JOPPA, Md. — A church is at the center of a controversy between Baltimore and Harford counties over wastewater.
The Mountain Christian Church wants to increase the amount of treated wastewater they are discharging to help deal with membership growth. They also wanted an improvement over their current septic system. The new one would be state-of-the-art. But many neighbors are worried about pollution because the treated wastewater would go directly into a tributary leading into Little Gunpowder Falls.
They submitted a permit to the Maryland Department of the Environment, which held an informational meeting Tuesday afternoon at the Joppa branch of Harford County Libraries.
Despite it being in the middle of the day, the room was packed with frustrated residents.
"We are horrified," said one resident. "You're dumping right into the top of our neighborhood."
Currently, the church is approved to discharge 2,400 gallons of treated wastewater per day. The permit requests 4,999 gallons per day and they would get a new treatment system. The contractor for the system also presented at the meeting, saying the technology focuses on filtering out nitrogen and phosphorus to clean the water.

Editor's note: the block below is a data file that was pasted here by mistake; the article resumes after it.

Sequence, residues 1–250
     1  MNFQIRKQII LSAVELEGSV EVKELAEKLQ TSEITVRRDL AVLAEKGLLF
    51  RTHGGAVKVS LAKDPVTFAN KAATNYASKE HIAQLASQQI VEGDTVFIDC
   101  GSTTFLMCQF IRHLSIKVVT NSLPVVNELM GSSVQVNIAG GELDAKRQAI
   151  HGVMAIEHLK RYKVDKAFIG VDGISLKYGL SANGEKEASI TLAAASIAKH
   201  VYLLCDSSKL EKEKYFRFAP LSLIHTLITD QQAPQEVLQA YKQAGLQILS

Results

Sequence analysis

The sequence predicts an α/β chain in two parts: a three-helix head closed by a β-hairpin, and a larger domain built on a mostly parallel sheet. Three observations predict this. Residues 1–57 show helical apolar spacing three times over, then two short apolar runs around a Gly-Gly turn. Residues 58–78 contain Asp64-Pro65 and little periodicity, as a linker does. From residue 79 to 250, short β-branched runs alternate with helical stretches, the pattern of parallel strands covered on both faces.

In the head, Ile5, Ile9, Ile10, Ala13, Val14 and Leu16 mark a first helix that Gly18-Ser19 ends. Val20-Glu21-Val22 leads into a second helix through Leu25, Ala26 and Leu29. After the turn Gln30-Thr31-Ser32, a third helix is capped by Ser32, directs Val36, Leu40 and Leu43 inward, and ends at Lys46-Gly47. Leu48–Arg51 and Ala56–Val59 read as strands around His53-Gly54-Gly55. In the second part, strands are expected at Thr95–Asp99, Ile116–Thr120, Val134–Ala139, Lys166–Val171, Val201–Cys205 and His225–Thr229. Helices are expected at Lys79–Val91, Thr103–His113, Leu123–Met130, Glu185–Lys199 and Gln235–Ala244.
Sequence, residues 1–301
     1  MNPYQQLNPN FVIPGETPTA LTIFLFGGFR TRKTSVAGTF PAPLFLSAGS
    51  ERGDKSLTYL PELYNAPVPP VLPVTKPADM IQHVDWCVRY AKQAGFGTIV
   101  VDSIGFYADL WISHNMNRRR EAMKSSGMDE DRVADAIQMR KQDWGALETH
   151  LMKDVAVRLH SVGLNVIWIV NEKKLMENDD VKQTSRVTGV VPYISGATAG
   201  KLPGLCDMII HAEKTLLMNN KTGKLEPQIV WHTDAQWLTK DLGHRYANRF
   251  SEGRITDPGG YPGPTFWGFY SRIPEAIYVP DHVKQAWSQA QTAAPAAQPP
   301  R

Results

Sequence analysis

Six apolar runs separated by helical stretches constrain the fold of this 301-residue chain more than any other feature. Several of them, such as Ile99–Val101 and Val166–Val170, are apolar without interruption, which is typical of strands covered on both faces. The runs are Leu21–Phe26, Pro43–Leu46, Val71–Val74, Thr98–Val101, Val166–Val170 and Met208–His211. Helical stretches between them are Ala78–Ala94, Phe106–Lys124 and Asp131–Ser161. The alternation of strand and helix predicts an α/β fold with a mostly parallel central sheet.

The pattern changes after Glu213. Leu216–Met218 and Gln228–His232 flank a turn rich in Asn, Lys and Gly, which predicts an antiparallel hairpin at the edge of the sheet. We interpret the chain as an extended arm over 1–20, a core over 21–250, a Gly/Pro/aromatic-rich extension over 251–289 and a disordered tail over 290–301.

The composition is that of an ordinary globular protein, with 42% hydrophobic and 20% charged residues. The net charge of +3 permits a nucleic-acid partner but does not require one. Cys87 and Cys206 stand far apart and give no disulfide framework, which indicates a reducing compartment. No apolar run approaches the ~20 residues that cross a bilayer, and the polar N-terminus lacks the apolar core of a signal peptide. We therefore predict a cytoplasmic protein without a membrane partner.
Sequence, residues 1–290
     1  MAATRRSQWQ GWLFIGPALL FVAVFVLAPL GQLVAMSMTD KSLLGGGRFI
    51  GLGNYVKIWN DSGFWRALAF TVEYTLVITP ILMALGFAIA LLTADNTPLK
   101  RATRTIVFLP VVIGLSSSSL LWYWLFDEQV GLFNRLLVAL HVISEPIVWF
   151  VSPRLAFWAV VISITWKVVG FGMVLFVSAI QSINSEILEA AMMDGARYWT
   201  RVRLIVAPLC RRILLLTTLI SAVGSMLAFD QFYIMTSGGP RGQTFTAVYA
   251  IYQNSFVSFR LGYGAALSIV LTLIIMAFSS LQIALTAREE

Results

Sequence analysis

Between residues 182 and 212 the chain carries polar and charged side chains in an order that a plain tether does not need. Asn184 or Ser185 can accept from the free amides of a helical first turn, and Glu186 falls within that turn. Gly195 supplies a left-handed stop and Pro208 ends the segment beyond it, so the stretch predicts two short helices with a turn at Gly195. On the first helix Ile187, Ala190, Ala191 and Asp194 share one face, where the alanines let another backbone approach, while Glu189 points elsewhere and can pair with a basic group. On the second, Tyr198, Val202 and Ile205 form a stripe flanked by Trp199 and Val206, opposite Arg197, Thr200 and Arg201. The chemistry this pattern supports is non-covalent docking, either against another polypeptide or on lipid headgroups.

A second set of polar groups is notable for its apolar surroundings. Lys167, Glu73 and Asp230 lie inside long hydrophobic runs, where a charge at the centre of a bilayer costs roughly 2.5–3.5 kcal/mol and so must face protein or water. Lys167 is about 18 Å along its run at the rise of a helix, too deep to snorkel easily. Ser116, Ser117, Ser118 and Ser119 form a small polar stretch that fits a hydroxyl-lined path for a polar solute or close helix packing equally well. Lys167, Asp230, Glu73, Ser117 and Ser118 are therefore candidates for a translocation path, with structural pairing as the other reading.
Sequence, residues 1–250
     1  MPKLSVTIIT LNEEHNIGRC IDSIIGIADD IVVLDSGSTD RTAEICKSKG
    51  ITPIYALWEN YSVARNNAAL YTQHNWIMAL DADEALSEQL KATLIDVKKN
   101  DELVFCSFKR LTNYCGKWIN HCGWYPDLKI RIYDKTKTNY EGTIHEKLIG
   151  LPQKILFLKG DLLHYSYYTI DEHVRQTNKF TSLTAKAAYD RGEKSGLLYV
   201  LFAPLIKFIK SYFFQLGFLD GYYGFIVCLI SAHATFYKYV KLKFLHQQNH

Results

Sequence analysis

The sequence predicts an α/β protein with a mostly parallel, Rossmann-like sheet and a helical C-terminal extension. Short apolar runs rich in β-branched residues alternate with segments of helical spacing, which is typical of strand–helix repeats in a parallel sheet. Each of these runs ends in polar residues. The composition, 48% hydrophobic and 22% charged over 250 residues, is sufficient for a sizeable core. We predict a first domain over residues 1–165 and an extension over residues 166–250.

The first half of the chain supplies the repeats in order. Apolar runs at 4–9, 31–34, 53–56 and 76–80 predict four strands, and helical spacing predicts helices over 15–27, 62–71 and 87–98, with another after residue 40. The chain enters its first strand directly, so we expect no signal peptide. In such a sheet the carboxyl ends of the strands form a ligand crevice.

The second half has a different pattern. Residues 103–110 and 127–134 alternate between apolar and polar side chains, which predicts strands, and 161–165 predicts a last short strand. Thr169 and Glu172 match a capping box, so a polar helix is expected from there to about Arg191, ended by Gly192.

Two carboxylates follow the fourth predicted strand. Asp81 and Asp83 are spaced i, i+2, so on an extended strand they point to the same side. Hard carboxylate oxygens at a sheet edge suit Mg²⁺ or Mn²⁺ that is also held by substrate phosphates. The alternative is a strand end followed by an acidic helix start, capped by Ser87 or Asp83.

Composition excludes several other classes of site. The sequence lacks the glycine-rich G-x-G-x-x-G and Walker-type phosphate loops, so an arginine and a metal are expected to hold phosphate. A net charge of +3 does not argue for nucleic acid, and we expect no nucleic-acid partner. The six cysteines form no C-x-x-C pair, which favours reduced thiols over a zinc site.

"Its improved technology and safer methods along with cleaner effluent (the water discharged is clean and surpasses all requirements and regulations for purity) give us the assurance that we are honoring the planet, being good neighbors, and showing appropriate concern for the stewardship of the environment," said the church on Facebook.
While there were a lot of voices of opposition, some at the meeting said this seems like an improvement over the current system and are satisfied that the new filtration system is being used in other areas of the state and discharging into bodies of water.
Baltimore County Councilman David Marks introduced a resolution last night opposing the permit, but today at the meeting he said he hopes they can find common ground.
"The Mountain Christian Church has been an important part of religious life of Harford and Baltimore counties for many years. They do a lot of work in the community. Hopefully we can find a common solution to address their problems," said Marks.
People from the church were at the meeting but did not choose to speak. They just wanted to hear people's concerns.
Also coming to light for many Tuesday, the church's ongoing septic system violations. Maryland Department of the Environment said they have found a dozens violations over four years, and they have notified the church that they are required to submit information to them about how they are going to correct them.
MDE will be holding another meeting July 16 at the Perry Hall Public Library and is accepting written comments until August 2 before they make their final decision.
Any written submissions may be submitted to Yen-Der Cheng via email at firstname.lastname@example.org or via mail, addressed to:
Maryland Department of the Environment
Water and Science Administration
Attn: Mr. Yen-Der Cheng, Chief, Municipal Surface Discharge Permits Division
1800 Washington Blvd., Suite 455
Baltimore, Maryland 21230-1708